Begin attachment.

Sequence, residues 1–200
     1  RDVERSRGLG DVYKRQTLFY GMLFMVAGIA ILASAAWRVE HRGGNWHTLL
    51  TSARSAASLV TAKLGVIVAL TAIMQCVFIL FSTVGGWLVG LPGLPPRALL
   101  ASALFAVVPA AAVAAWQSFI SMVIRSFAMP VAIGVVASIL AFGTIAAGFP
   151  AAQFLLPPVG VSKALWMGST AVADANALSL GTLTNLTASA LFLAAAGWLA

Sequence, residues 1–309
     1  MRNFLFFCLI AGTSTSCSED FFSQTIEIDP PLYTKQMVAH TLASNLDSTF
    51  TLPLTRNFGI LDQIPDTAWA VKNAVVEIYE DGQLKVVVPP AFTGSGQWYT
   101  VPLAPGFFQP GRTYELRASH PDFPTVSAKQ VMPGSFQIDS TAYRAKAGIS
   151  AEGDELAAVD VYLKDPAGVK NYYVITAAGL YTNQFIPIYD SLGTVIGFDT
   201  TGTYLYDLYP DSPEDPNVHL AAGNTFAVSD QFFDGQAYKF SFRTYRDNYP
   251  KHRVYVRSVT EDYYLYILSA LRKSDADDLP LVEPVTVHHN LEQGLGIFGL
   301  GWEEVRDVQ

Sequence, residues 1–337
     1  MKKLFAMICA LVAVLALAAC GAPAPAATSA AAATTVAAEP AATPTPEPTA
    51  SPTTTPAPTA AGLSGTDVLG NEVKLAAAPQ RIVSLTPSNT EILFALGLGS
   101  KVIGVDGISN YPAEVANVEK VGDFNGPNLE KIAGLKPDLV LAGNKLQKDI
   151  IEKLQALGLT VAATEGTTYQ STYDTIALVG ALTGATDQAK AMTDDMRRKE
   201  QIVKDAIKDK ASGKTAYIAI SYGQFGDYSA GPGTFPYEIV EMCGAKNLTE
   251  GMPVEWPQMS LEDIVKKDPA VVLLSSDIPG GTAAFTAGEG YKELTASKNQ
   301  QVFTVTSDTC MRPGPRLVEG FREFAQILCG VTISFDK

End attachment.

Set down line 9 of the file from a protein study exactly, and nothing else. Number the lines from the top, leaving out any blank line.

   101  VPLAPGFFQP GRTYELRASH PDFPTVSAKQ VMPGSFQIDS TAYRAKAGIS